To me, the answer lies in the balance between the value we place on privacy and that of utility.
The rise of social media has seen us radically rethink what we consider private. We choose to share our daily thoughts, physical location, personal photos and other personal information with large and remote circles of people. We do so even knowing that Google, Facebook and other companies are constantly collecting and using our personal information. 20 years ago this would have seemed unthinkable.
In my view, people give up privacy and the ‘power’ associated with it for the ‘benefits’ received as a trade off: that could be anything from the sense of increased status, the ability to influence others, a stage for self expression to the basic need to fit in due to peer pressure. As long as the loss of privacy and the perceived benefit received in exchange equal a ‘zero sum’, we tend to think our lives are in balance.
The researchers of the MIT Media Lab and the Affectiva group predict that the emotion measurement technology will soon be ubiquitous. Is this realistic, given that consumers would need to allow organisations to gather their private emotional ‘data’ due to data protection requirement? I would argue this is quite possible. As long as organisations find enticing methods to offer consumers something in exchange for this additional piece in the jigsaw puzzle of the human identity.
One example of such privacy and the emotion measurement technology utility exchange could be foreseen with the further development of augmented reality technologies.
Augmented reality applications allow integrating real-time 3D graphics into a live video stream and create a ‘real world’ user experience in the digital space. The technology is still in its infancy however, many retailers already recognise its potential to enhance customer experience. Examples of early adopters include the Japanese glasses company Zoff, BMW, and software developers, such as Zugara (the Webcam Social Shopper).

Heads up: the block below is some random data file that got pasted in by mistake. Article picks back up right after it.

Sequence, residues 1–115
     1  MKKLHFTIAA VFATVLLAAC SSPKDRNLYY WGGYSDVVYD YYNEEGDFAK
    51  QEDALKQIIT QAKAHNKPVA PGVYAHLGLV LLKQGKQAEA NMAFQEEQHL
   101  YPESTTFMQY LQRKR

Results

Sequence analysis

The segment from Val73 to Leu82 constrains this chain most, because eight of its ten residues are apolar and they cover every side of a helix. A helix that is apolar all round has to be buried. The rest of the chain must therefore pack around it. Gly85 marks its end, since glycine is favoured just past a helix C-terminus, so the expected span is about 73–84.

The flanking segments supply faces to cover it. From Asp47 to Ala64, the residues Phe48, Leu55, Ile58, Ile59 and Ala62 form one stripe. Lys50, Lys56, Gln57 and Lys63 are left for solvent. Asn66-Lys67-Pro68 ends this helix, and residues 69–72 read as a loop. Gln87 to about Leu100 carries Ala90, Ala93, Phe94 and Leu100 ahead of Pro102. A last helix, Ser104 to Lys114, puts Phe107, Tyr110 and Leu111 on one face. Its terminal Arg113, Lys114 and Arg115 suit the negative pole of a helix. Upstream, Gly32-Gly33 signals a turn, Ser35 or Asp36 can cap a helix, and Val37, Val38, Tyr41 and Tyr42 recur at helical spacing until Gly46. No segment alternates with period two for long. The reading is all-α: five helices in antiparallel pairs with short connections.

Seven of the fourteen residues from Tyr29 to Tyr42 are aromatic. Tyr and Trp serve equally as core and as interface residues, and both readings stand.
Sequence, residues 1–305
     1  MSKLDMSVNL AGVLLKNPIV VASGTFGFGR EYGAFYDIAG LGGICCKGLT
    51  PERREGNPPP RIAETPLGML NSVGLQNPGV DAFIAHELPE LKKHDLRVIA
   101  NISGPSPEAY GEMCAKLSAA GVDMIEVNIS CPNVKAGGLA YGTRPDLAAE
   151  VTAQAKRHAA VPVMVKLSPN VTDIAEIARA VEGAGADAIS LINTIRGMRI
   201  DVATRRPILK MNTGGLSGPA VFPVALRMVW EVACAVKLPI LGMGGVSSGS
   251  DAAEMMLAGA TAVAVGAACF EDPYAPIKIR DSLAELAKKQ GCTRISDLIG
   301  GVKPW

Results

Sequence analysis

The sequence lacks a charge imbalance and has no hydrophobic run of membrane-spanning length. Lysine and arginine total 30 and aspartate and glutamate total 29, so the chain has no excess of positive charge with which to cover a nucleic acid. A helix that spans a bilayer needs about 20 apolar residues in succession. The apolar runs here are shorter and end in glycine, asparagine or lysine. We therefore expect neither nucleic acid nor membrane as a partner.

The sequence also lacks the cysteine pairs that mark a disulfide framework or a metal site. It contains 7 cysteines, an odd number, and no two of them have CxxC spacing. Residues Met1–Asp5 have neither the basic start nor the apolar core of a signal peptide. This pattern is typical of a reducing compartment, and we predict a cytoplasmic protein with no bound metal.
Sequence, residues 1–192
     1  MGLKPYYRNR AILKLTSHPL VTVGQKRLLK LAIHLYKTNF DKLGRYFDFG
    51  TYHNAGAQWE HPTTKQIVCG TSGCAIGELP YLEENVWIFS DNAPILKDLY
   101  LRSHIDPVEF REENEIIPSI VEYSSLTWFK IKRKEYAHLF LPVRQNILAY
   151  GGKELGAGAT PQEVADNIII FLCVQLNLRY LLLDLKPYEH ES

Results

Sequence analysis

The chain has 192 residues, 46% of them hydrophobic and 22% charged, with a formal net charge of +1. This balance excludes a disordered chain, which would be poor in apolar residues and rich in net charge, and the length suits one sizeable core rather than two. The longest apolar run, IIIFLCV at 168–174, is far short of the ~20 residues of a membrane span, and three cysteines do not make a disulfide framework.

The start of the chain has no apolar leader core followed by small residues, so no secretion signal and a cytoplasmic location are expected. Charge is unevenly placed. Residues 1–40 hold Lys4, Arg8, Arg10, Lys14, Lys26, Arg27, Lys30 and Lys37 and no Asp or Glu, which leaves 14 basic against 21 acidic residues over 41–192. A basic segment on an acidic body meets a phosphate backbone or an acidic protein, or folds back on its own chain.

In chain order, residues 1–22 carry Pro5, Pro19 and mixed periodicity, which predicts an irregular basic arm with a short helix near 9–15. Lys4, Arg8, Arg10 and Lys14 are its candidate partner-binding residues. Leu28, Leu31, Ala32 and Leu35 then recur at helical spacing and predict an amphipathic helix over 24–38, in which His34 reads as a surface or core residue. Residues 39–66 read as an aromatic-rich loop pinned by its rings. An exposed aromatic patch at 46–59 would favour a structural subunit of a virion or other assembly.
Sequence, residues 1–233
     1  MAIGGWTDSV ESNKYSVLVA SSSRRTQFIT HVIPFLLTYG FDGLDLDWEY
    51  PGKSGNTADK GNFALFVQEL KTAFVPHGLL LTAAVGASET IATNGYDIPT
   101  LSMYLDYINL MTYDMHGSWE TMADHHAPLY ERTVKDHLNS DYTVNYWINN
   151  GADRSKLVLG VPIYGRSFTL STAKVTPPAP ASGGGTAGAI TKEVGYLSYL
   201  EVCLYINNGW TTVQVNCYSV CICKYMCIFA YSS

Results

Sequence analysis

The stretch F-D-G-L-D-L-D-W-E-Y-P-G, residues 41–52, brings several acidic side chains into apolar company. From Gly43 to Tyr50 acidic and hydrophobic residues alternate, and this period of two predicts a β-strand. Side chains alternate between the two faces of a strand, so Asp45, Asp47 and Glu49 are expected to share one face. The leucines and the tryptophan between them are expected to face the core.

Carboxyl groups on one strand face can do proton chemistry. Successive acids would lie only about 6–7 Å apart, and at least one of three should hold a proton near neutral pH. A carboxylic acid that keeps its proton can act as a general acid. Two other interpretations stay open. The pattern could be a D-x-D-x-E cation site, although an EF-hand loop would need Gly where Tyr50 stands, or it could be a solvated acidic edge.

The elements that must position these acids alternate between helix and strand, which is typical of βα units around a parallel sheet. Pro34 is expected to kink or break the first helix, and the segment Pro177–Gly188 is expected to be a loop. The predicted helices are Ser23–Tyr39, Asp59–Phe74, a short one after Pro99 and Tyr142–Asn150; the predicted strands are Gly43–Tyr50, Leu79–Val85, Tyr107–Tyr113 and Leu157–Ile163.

Currently, apparel and accessories are one the fastest growing sectors in eCommerce. E-Marketer predicts this sector’s 2012 online sales to grow by 15% compared with 2011 in the U.S. The sales gains are attributed primarily to retailers’ improved methods for displaying products online. With the advancement of technology, augmented reality would drive the online visualisation potential even further. We are likely to see widespread adoption of augmented reality in future years.
Augmented reality could develop into a form of ‘tryvertising’. It will therefore be essential for retailers to offer products that appeal most to a customer at that particular moment and match their emotional state. Customers would also see a benefit of opting in for retailers to track their satisfaction or dissatisfaction with products, so that they can instantly receive suggestions that are tailored to their needs – in the same way as a good shop assistant who is able to advise in a high street shop in today’s world!
I will be watching both the further developments and the use of emotional measurement technology closely. Do you see other benefits or potential threats of this innovation? I would welcome a discussion in the comments below.